Top 5 Game Beginnings

I would say top five game intros, but that’s a bit too limiting. This encompasses not just the intro cutscenes, but also the initial gameplay and concepts introduced in a game. A good intro sequence doesn’t necessarily mean a good game, but it does mean that the developers took their time to build the foundation for something great.

5. Kingdom Hearts

Even though the game is dated, its intro and cutscene graphics still remain beautiful. The beginning of the game introduces Sora, the series protagonist, and has you play through several different areas while figuring out what kind of play style you want. The choices at the beginning of the game greatly affect your abilities and stats when you level up, but the choices you go through at the intro are hardly noticeable. Along with that, it puts you right into the action and teaches you to battle right away.

4. Oblivion

The intro to Oblivion has you stuck in a dungeon, getting insulted by a jail mate, when suddenly Uriel Septim himself chooses your cell to escape through. While that doesn’t exactly work out for him, the main character does get introduced to several different types of play, and it allows the player to pick appearance, race, gender, and star sign—all of which give the character specific advantages. Even though you do get one opportunity to redo your character decisions, playing through the intro again is anything but tedious.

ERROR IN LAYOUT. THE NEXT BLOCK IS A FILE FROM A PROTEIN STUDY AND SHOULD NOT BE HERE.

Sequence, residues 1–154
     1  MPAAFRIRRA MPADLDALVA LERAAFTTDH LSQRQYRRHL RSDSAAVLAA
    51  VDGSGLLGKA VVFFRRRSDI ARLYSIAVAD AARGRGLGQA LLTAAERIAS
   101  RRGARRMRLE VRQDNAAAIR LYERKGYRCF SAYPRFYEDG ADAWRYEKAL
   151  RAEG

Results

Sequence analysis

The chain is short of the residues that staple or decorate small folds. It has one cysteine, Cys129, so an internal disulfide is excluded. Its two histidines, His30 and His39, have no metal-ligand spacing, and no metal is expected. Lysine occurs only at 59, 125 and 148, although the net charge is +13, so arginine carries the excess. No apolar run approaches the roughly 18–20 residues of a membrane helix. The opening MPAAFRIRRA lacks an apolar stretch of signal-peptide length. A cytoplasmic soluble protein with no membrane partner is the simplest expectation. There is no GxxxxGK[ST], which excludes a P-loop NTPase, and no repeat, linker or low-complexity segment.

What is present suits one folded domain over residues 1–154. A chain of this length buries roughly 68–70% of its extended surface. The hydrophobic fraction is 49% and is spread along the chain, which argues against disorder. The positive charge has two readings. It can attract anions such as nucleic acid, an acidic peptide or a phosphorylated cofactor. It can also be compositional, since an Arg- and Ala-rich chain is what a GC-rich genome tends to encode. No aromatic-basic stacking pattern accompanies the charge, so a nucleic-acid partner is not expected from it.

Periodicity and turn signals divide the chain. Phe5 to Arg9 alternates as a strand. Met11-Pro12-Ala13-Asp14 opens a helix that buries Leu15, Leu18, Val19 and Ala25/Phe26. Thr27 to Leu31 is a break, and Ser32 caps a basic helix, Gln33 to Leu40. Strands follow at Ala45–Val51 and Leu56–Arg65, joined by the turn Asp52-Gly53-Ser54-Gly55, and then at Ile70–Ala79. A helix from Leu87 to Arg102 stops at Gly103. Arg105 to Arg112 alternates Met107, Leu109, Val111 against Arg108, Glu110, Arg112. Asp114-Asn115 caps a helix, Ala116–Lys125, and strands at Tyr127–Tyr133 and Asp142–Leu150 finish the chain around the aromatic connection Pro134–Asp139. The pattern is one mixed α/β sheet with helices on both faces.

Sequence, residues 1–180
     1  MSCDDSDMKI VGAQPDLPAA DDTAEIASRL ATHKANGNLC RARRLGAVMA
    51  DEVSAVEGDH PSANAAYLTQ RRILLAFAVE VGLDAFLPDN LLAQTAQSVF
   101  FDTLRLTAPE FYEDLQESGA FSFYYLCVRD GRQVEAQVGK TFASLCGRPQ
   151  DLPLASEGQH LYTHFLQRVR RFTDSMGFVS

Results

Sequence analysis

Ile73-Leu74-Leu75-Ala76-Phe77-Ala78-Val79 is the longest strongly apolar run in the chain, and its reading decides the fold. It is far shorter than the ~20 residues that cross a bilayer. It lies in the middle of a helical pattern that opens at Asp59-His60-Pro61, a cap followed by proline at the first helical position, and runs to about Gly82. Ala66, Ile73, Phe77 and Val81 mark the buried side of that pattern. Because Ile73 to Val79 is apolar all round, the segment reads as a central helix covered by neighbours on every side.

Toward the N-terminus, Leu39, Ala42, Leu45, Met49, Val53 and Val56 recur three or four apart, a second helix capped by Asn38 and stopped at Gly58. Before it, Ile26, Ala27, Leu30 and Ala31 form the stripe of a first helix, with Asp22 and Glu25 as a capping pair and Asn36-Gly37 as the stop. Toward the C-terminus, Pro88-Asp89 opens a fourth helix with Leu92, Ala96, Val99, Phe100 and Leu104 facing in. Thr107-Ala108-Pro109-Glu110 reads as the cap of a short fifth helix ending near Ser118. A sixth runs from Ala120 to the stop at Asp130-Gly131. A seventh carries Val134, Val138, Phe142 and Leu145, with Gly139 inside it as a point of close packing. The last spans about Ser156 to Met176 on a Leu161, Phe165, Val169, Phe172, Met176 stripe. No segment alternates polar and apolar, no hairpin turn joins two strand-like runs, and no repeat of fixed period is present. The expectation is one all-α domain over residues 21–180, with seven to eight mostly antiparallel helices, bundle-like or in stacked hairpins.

3. Final Fantasy X

This game quickly introduces a bunch of questions that get answered (albeit vaguely) later in the game: who is the transparent guy dressed in purple, why does the weird dude in the red trenchcoat toast a huge tsunami, and what on earth is attacking Zanarkand? Along with that, it quickly and painlessly introduces the main character as an oddly-dressed star player on a Blitzball team. The difference between the huge city structures and the ruins is very poignant and introduces the themes of the game well.

2. Metal Gear Solid 4: Guns of the Patriots

This game starts off following Old Snake, whose age has accelerated because of his status as a clone, and overlaid onto the cutscene is a narrative describing how war has changed. It demonstrates this in waves: first, the futile nature of the soldiers’ sacrifices, then the strange behemoths that appear during the battle and attack both sides, then the advanced technology that Old Snake has at his disposal when dealing with them. With bits of gameplay in between cutscenes, it introduces all of the basic gameplay concepts without seeming like a tutorial.

1. Fallout 3

The intro scene to Fallout 3 slowly introduces different forms of chaos—first, a crashed and ruined bus, then a destroyed bus among a wasteland, then a strange figure among the post-apocalyptic world holding a gun. Within just a few seconds, it introduces the scene entirely. Like Metal Gear Solid 4: Guns of the Patriots, it continues into a philosophical narrative. You begin in a white and pristine shelter thinking that anything that exists outside has long perished. Stepping outside after the first intro sequence, the first thing you see is a sunrise across a shattered landscape—the entire time, you were lied to by your own family, and now you’ve escaped the Vault and have the world to explore.

Honorable Mention: FFVIII